Determination of the location of points by the successive intersection and resection of direction lines radiating from the radial centers of overlapping aerial photographs.
The process of scanning and reprojecting a photograph onto a horizontal plane in differential elements to remove displacements caused by tilt and relief. The process may be accomplished by any one of a number of instruments developed specifically for the purpose.
Projection of an aerial photograph (mathematically, graphically, or photographically) from its plane onto a horizontal plane by translation, rotation, and (or) scale change to remove displacement due to tilt of the camera.
Elevations and depressions of the land or sea bottom.
Technique for making hypsography on a map appear three dimensional by the use of graded shadow effects. Generally, the features are shaded as though illuminated from the northwest.
Process of detecting and (or) monitoring chemical or physical properties of an area by measuring its reflected and emitted radiation.
Scale of a map or chart expressed as a fraction or ratio that relates unit distance on the map to distance measured in the same unit on the ground.
Summation of all processes involved in printing copies from an original drawing. A printed copy of an original drawing made by the processes of reproduction
Relationship existing between a distance on a map, chart, or photograph and the corresponding distance on the Earth.
sea level (water level)
Height of the surface of the sea at any given time.
Unit of subdivision of a township; normally a quadrangle 1 mile square with boundaries conforming to meridians and parallels within established limits, and containing 640 acres as nearly as practicable.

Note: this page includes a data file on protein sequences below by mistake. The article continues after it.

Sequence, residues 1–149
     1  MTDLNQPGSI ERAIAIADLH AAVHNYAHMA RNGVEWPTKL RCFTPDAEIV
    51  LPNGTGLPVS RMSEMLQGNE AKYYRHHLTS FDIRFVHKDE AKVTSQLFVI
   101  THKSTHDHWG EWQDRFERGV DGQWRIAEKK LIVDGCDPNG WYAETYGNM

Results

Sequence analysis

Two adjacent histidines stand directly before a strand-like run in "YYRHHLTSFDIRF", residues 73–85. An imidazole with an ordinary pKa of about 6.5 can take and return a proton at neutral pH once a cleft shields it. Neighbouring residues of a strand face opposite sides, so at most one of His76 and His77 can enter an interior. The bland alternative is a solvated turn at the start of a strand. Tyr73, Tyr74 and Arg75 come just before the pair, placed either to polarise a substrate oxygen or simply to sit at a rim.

Technical means, usually electronic, to extend man's natural senses by detecting emitted or reflected energy. The energy may be nuclear, electromagnetic (including the visible and invisible portions of the spectrum), chemical, biological, thermal, or mechanical
Intersection of the land with the water surface.
See: map, slope
See: map, soil
Mathematical figure closely approaching the geoid in form and size and used as a surface of reference for geodetic surveys. A reference spheroid or ellipsoid is a spheroid determined by revolving an ellipse about its shorter (polar) axis and used as a base for geodetic surveys of a large section of the Earth (such as the Clarke spheroid of 1866 which is used for geodetic surveys in the United States).
Point on a map or chart whose height above a specified datum is noted, usually by a dot or a small sawbuck and elevation value. Elevations are shown, on a selective basis, for road forks and intersections, grade crossings summit of hills, mountain
Technique of distance measurement wherein the observer reads the intercept subtended on a graduated rod between two marks on the reticle of the telescope.
See: adjustment, standard-accuracy
state plane coordinate system
Coordinate systems established by the U.S. Coast and Geodetic Survey (now the National Ocean Survey), usually one for each state, for use in defining positions of points in terms of plane rectangular (x,y) coordinates.